Monday, 19 September 2011

Monday musings

An inauspicious beginning to the CLT20 for Martin Guptill today, run out without facing a ball as his team, Auckland, went down by two runs to the Kolkata Knightriders. Without that they would probably have won, as they did well to restrict a side with plenty of talent to just 121. He will have another opportunity tomorrow, as his side face Somerset.

Elsewhere, Akhil Patel has been released by Nottinghamshire. Patel looked a player of talent when I saw him for Derbyshire Seconds, but is not the first and won't be the last to be in the shadow of a father or sibling. He is still young enough to get another deal, but needs to cement undoubted talent to a weight of runs when opportunity presents itself.

There's still not too much in the way of news of released players, but of the ones I have seen, someone who perhaps has a case for a chance elsewhere is Naqaash Tahir at Warwickshire. At 28 next season his age is perhaps against him, but the player's record suggests ability, even if injuries have affected him over the years. He bowls with decent pace and Graene Welch said that there was "nothing he can't do with a ball in his hand". Apart from paint, perhaps....

139 wickets at 29 is no bad record, ten times having taken four in an innings, but whether the lad gets another chance elsewhere is debatable. Time will tell, once again. There may yet be a cull from Yorkshire but most counties retain players on contracts until October, so some retained lists may take a while yet. Our northern neighbours may release players to finance more coming in, but seem to need some of their 'names' to perform with greater frequency than was the case in 2011.

I came across an interesting piece from Chris Adams, who has done a fine job in turning Surrey around. He said that, given the requisite level of ability to be on a county staff, the most important factors for individual success were, in order:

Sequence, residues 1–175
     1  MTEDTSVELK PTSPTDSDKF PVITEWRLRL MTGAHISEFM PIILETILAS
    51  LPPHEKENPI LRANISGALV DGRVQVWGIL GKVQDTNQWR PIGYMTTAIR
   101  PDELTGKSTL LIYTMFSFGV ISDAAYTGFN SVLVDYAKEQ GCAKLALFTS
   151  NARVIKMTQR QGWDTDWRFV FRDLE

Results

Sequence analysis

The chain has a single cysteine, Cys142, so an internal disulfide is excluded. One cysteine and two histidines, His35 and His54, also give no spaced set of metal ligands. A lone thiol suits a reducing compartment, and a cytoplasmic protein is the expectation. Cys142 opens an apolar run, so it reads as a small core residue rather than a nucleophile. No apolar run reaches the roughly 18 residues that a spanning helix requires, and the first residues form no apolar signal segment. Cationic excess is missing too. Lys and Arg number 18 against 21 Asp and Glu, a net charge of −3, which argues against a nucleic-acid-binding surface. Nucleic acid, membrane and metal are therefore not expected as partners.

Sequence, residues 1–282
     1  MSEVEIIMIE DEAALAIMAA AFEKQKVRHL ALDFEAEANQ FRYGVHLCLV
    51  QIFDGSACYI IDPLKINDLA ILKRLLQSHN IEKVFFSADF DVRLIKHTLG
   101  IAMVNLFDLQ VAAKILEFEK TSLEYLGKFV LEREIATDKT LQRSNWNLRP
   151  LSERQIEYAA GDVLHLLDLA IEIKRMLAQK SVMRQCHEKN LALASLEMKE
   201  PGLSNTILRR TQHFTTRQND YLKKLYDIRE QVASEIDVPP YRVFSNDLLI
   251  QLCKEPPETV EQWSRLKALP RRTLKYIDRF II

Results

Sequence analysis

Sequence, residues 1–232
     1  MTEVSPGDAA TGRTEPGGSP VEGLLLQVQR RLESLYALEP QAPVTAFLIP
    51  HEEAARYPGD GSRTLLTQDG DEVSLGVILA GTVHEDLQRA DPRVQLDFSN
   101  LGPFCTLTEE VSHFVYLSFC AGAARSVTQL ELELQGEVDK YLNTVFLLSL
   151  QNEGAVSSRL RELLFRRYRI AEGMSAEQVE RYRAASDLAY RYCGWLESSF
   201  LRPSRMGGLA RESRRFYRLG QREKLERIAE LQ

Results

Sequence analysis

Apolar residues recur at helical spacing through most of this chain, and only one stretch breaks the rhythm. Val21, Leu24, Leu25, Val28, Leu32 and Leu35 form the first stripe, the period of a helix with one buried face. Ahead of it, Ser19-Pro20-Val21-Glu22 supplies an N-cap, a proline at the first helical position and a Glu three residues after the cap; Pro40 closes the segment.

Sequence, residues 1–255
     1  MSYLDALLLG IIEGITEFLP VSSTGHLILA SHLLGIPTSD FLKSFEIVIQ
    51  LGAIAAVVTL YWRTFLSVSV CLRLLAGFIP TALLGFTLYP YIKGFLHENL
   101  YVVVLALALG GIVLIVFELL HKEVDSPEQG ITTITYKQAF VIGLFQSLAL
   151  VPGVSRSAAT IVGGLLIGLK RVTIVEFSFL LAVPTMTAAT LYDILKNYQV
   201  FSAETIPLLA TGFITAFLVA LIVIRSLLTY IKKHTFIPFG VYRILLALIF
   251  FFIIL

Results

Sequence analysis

Character - determination and a willingness to be a part of and contribute to the team
Strength of mind - powerful and able to focus on their game
Natural talent

I find that interesting, although once again the history of the game is littered with examples of gifted individuals who didn't make it, while journeymen professionals carved out successful careers. No names, of course...

In closing, thanks to all of you for your continued e-mails and comments. I got a good one earlier today which referred again to my ratings of players for the season. The writer suggested that my score for Matt Lineker was unfair, as the player had the additional pressure of only three matches in which to prove himself yet managed to do so.

It is a fair comment and I'm inclined to think that another year it is unfair to rate any player who plays less than five matches. I would also agree that Lineker had a tough task. He scored a thousand runs in the Second XI and another thousand for Ockbrook and Borrowash. He could have been forgiven for easing up there, but it is to his great credit that he retained both his intensity and appetite for runs.

In his last three seasons for the club he has amassed 3,900 runs. Throw in those second team runs and that is 5,000 runs in three summers. Not bad, huh?